Opinion: Don't overlook small businesses' election perspective
With only one week left to go until the midterm elections, the political perspective of one demographic seems to be missing from the national conversation.
While farmers, manufacturers and suburbanites have been frequently polled by the mainstream media, small business owners and their employees have been largely ignored.
That's a shame. Small businesses play a big role in the U.S. economy, accounting for about two-thirds of new job creation. And small businesses are a potent political voice. In Michigan, there are about 900,000 small businesses, and nationwide there are about 30 million.
I'm not sure how small business owners are voting, but I am positive that small businesses have been among the biggest beneficiaries of the pro-growth federal policies enacted by the Republican majority in Congress.
Exhibit A is the new 20 percent small business tax deduction that took effect this year. This tax cut allows small businesses to protect one-fifth of their earnings to reinvest back into their businesses in the form of higher wages, expansion, and new job opportunities. This tax cut has effectively lowered the top marginal federal tax rate on small businesses from 40 percent to 30 percent.
Small businesses, such as my family’s wine distribution company, Hye Quality Wines, and thousands of others across Michigan, have benefited from this tax reform, collectively adding thousands of jobs to the Michigan economy and increasing wages for their employees.
For instance, Blackrocks Brewery in Marquette is using its tax cut savings to hire more employees and invest in new equipment. Renaissance Global Logistics in Detroit has given its employees bonuses. And WebHobby Shop in Pontiac is giving its employees raises. Multiply similar actions across the country and it’s easy to understand why the unemployment rate is at a 49 year low, wages are growing at their fastest pace in a decade, and annual economic growth is on track to exceed 3 percent for the first time since 2005.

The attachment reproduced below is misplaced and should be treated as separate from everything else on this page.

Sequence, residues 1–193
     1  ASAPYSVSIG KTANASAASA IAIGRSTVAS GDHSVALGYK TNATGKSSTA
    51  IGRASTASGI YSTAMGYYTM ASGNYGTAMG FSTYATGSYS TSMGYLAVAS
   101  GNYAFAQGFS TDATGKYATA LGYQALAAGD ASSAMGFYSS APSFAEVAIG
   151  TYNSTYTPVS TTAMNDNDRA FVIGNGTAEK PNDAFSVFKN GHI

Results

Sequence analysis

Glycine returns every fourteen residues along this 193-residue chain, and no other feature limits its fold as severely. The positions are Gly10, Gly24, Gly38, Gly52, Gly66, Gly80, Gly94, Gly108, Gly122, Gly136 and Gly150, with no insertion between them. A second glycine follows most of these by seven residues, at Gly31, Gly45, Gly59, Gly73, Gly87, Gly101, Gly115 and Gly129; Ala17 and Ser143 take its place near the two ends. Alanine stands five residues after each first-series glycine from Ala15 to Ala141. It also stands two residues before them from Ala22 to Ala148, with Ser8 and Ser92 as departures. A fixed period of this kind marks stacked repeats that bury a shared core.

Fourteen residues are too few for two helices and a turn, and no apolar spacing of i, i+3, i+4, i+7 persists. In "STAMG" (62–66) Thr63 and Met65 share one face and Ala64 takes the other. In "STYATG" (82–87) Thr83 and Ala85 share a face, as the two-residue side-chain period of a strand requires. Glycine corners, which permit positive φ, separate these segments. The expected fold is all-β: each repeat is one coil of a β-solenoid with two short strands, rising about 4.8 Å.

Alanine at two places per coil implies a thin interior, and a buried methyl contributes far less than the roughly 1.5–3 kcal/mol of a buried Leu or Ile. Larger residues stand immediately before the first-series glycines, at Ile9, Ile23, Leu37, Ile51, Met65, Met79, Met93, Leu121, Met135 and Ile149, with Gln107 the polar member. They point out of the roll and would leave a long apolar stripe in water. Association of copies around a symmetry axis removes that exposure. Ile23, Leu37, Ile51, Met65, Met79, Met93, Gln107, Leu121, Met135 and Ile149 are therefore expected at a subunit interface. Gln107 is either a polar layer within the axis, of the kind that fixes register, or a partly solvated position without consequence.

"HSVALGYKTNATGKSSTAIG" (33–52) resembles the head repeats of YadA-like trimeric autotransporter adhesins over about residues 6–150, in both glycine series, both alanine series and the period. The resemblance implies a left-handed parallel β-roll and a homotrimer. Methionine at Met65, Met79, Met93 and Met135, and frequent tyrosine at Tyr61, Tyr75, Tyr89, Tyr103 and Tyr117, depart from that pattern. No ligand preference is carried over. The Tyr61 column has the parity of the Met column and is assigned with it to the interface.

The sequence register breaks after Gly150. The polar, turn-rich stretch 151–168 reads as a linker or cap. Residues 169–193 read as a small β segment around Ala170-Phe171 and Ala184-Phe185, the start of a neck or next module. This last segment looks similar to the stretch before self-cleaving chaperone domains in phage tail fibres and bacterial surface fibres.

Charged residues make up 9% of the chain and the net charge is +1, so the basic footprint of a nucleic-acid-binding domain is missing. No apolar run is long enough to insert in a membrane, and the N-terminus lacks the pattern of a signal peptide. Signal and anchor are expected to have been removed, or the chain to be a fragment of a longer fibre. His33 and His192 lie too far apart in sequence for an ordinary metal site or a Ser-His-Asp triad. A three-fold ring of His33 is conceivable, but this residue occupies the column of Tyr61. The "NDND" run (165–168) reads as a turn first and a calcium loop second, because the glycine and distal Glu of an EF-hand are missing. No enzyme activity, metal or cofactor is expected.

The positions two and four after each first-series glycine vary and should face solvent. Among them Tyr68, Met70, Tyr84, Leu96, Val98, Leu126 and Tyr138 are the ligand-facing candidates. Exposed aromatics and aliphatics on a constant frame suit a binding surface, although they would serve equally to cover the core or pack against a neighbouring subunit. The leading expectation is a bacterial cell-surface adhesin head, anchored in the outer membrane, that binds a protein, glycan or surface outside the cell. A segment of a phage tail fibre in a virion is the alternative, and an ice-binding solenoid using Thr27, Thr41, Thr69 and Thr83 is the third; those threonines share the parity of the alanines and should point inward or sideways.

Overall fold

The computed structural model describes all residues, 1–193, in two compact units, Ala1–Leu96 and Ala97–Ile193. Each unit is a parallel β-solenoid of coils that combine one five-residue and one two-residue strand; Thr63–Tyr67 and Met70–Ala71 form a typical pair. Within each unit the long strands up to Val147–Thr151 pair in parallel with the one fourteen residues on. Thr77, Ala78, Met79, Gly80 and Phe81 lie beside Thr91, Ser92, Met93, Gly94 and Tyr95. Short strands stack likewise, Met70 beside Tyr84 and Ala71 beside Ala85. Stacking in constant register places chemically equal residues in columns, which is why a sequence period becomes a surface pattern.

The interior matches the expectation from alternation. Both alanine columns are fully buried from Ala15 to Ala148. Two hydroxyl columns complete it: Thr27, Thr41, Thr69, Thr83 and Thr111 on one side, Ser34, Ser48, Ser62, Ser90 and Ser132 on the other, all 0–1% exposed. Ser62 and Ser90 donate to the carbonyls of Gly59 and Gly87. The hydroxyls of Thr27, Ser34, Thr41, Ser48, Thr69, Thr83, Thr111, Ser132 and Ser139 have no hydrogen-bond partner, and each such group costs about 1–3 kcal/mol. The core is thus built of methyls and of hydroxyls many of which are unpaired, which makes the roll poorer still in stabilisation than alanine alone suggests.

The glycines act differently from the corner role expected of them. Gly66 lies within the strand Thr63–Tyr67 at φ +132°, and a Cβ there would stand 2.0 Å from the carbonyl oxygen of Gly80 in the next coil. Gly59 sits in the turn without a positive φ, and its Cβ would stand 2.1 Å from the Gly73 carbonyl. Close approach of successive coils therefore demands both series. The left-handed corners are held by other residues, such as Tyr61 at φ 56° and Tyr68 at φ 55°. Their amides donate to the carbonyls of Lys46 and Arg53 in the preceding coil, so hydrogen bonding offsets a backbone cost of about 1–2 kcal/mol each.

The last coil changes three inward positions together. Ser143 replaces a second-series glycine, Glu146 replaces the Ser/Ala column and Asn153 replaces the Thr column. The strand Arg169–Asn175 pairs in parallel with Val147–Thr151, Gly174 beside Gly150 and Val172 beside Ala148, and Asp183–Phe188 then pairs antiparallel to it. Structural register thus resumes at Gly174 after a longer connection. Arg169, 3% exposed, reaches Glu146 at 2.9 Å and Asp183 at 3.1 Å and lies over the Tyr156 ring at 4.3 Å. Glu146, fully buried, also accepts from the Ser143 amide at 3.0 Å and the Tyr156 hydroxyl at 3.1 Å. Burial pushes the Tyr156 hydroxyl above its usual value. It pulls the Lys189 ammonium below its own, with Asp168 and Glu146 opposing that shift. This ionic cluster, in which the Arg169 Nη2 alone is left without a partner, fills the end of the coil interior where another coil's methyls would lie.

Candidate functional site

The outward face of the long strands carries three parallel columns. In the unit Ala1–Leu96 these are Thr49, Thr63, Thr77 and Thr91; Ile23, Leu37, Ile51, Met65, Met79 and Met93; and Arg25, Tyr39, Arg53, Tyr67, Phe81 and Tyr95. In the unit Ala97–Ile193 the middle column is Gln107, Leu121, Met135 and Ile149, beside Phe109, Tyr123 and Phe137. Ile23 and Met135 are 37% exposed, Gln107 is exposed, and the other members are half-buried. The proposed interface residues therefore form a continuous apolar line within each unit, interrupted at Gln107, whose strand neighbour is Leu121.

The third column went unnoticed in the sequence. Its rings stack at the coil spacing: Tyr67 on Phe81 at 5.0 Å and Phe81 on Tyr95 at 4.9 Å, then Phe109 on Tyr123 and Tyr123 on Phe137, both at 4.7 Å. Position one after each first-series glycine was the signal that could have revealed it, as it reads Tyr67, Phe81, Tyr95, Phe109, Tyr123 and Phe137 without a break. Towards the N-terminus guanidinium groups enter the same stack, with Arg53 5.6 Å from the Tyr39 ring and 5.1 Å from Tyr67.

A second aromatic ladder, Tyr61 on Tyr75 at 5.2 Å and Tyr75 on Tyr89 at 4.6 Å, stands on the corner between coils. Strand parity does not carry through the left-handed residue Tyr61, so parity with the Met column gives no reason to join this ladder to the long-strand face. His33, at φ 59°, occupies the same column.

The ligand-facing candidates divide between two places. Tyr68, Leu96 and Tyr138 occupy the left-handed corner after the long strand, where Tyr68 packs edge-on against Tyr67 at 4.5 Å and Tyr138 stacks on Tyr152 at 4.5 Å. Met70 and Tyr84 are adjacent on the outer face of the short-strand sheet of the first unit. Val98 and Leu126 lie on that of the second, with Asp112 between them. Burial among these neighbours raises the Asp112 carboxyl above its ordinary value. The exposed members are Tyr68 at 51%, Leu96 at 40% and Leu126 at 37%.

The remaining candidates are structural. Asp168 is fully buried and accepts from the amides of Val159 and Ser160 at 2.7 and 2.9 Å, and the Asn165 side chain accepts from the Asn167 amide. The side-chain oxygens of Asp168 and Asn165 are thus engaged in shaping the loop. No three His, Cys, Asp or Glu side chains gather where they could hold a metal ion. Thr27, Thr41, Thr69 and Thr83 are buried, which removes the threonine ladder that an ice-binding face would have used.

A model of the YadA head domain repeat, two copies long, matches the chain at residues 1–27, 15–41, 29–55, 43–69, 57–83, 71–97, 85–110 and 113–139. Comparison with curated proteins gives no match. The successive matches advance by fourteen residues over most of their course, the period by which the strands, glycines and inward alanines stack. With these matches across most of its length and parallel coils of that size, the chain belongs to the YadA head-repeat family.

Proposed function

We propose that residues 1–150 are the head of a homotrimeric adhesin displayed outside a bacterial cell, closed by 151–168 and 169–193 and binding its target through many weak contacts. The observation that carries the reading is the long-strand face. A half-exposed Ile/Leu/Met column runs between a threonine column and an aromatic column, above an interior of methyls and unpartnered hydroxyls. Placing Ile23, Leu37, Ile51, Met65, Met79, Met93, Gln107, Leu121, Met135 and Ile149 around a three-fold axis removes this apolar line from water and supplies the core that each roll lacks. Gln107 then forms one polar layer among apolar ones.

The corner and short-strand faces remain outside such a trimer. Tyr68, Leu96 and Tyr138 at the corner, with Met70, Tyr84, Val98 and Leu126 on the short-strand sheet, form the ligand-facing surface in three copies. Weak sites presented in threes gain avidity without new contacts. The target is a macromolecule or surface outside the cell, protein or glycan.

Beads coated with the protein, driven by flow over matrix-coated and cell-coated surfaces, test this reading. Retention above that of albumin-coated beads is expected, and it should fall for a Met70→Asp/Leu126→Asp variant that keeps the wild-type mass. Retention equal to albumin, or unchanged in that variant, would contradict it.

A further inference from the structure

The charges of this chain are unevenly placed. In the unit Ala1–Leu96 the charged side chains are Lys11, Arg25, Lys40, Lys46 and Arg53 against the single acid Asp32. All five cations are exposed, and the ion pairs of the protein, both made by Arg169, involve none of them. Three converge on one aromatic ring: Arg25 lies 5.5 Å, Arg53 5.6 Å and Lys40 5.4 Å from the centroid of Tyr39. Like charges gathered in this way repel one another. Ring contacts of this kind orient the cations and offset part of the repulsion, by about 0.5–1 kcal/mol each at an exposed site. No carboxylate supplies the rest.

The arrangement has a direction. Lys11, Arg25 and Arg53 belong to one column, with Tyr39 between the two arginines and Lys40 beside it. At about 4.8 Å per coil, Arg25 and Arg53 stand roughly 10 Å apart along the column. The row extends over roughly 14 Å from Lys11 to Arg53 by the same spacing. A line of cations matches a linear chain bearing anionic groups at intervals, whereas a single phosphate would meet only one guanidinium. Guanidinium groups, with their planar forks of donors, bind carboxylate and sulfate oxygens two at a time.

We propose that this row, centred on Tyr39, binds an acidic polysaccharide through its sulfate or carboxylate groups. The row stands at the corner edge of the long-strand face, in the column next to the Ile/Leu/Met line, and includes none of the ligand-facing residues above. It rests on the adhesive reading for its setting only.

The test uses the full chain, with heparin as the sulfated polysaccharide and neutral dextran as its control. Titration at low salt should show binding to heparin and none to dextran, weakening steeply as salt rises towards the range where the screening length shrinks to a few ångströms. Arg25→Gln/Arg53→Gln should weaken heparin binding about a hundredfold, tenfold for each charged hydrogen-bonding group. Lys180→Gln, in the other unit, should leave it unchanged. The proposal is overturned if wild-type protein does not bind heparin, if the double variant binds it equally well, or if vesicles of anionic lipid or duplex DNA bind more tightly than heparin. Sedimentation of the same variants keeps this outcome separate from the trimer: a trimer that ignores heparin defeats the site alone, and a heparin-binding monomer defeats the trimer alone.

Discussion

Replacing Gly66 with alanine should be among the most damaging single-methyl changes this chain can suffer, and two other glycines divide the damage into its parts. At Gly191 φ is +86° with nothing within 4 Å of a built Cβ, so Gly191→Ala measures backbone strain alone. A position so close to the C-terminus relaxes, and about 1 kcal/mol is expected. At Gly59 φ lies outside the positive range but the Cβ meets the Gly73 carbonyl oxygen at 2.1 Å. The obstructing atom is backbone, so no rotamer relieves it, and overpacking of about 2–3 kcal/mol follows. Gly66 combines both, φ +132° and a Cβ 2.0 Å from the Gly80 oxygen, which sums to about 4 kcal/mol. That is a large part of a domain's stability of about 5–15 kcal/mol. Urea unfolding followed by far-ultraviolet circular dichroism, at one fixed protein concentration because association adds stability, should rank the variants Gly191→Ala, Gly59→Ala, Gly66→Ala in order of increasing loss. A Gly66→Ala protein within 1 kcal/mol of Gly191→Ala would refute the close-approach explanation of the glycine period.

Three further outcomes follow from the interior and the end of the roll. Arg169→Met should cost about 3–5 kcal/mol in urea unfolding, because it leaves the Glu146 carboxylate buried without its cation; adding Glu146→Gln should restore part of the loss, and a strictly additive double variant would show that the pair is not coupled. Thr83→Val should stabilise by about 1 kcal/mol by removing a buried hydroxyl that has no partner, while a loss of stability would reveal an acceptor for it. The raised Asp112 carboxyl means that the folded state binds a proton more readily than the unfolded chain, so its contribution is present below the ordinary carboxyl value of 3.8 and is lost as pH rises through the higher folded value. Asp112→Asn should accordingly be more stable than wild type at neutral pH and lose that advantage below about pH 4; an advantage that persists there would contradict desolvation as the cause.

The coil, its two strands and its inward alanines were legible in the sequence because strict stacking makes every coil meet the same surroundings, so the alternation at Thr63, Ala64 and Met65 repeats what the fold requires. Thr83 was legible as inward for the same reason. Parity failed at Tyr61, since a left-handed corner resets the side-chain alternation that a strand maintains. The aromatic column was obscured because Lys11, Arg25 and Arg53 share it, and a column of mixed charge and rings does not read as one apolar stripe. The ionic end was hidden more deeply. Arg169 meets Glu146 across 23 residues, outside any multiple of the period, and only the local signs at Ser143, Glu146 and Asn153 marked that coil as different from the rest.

Yet good public policy only lasts so long as voters know about it. While big business and big labor often have lobbyists and a high-priced megaphone to voice their policy objectives, small businesses are too busy and operate on too slim of profit margins to engage in the politicking necessary to achieve public policy victories.
That’s why I’d urge proponents of small businesses to vote in this year's election to protect the tax cuts that are doing so much good for small businesses. National Democrats have promised to repeal the tax cuts if they retake Congress on Election Day, and have already introduced legislation to do just that. This means sending the representatives responsible for this success back to Washington.
A repeal of tax cuts would cause a massive extraction of wealth from our communities and Main Streets by Washington, D.C. According to data from the Tax Foundation, this would cost Michigan 6,400 full-time jobs, and the average family about $2,000 a year. It would be a shot across the bow of the small business-driven economic growth we've recently enjoyed.
Small business optimism is at a record high, and small business creation is finally booming again. This is benefiting employees, Main Streets, and communities across the state and country as much as it is benefiting small business owners themselves.
I urge you to keep small businesses in mind when you cast your vote on Election Day.
Mike Banerian is the vice president of Hye Quality Wines in Bloomfield Hills.